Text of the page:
Ice age coral could point to future sea levels
Every day thousands of tourists flock to north Queensland to witness the Great Barrier Reef in all its glory.
But soon a different group of travellers will visit the reef in order to dig up samples of ancient coral buried deep in the ocean floor.
A group of international scientists say this sediment holds clues to how the Earth adapted since the last ice age.
Buried deep under layers of coral reef lies a time-capsule of chemicals and sediment and scientists say that contains the clues to how the Pacific Ocean looked several thousand years ago.
Professor Neville Exon from the Australian National University is one of the masterminds behind the project.
He says the coral samples will tell researchers how the sea levels and water temperatures have changed in the past.
“The real proof of a lot of scientific theories developed in other ways is to drill a hole and actually see what’s there,” he said.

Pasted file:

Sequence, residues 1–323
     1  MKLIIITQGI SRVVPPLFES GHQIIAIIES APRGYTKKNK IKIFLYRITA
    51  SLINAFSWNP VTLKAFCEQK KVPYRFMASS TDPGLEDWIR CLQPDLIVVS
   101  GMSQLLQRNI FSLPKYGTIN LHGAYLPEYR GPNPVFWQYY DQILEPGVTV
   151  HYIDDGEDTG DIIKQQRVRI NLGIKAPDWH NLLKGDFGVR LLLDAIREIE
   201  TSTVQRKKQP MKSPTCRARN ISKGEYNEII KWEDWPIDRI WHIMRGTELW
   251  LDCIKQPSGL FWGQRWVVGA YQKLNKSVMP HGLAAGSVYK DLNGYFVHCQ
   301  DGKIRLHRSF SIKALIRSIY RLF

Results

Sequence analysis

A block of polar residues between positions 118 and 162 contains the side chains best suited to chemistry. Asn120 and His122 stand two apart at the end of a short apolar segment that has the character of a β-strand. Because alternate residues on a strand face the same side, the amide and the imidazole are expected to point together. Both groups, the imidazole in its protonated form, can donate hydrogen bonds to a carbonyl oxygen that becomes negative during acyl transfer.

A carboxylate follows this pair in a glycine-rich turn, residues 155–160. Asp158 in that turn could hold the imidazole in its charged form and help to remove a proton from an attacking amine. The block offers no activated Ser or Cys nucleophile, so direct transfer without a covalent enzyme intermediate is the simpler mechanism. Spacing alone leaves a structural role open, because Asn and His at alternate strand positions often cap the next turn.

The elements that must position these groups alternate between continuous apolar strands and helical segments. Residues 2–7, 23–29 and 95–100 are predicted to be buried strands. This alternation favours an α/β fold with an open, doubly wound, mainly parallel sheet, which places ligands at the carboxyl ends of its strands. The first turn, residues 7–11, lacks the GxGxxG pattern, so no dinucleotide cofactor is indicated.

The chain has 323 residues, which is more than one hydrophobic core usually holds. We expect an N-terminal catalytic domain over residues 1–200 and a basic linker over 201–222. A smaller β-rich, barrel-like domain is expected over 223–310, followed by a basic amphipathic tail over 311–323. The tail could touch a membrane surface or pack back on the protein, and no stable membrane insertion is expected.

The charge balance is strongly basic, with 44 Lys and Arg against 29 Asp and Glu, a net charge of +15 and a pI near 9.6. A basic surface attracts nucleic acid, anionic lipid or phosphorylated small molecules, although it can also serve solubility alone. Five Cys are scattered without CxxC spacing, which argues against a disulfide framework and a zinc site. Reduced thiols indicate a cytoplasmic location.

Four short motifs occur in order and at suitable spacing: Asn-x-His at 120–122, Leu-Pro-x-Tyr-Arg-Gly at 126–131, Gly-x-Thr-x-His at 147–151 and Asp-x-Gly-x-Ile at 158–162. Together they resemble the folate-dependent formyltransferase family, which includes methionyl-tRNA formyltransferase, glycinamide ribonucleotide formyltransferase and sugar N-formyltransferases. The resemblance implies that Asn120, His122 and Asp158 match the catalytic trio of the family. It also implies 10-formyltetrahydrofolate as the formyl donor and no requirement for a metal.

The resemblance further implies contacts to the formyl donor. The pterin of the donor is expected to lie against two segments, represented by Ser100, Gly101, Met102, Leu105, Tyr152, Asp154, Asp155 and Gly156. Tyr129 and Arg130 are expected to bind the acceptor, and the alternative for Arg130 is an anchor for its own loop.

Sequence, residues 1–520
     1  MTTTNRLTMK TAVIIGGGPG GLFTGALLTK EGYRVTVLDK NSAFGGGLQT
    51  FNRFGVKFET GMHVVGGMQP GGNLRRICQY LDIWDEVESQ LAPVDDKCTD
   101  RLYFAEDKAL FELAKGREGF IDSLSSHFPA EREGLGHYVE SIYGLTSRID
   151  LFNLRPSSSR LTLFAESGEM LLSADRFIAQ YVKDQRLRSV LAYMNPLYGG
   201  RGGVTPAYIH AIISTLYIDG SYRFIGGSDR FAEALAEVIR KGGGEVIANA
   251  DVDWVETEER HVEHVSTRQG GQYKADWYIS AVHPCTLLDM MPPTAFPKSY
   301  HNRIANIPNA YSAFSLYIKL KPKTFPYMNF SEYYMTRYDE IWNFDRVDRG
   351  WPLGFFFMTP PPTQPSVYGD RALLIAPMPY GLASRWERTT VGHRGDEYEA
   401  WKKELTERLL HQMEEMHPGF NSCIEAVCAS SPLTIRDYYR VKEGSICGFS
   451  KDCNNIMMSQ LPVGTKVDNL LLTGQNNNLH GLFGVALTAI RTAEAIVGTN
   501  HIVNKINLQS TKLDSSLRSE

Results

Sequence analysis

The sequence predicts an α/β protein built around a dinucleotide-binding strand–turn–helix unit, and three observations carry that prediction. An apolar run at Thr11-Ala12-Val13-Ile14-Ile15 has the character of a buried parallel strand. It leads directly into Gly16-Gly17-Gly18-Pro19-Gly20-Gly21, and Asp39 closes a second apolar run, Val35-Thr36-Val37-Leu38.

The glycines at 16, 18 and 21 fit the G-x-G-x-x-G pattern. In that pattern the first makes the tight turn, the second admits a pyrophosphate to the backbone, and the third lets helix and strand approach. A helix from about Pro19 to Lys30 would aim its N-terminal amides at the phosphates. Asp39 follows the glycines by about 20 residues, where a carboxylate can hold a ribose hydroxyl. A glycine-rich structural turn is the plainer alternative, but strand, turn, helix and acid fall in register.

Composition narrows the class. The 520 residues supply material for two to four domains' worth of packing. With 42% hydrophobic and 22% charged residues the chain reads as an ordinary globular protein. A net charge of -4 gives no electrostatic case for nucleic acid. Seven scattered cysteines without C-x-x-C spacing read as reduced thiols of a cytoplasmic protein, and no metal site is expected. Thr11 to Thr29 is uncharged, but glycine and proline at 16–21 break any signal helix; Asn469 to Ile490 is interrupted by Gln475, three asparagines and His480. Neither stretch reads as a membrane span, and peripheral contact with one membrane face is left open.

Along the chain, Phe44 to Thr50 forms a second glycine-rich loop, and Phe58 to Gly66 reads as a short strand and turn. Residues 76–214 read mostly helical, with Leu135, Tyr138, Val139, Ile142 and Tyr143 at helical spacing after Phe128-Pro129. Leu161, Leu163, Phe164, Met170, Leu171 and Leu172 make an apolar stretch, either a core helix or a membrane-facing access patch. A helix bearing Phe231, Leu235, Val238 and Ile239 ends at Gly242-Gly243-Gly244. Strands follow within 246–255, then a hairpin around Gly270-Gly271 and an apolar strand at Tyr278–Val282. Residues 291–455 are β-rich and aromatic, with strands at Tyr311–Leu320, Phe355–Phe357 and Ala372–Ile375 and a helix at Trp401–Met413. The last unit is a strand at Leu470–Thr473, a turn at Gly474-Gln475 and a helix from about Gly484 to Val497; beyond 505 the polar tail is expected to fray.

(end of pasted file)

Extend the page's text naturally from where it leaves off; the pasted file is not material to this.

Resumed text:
“You often have a pretty good idea of what you’ll get but you don’t have any detail, and this gives you the detail.
“To build up a good idea of the future you have to understand the past, you have to understand what’s happened in recorded history and you’ve got to have good modellers who understand how all these things interplay.”
Climate change evidence
Dr Jody Webster, one of the scientists in charge of the drilling expedition, says the coral samples will provide concrete evidence of climate change since the last ice-age.
“From other work that we’ve done in different parts of the world, there’s evidence, still quite controversial evidence, that a sea level rise following the end of the last ice-age was not smooth and continuous; there’s these periods of accelerated sea-level rise,” he said.
“It hopefully will provide better constraints on past sea level rise and a better understanding of past dynamic ice-sheet behaviour, so the way in which some of these perhaps catastrophic ice-sheet collapses occurred.”
He says this year’s dig is one of just many since the project began seven years ago.
“It is very expensive 0 I don’t know the exact dollar value but in the order of $5 million to $10 million is being spent,” he said.
Professor Exon says the scientists are hoping to release the findings to the public after documenting their deep sea treasure.
“It will be public domain information, and what that means is all the geo-physical information, all the well logging information and all the samples are available one year after the expedition, they are available to all comers,” he said.
“This is what makes science great, is when it’s in the public domain as this one is.”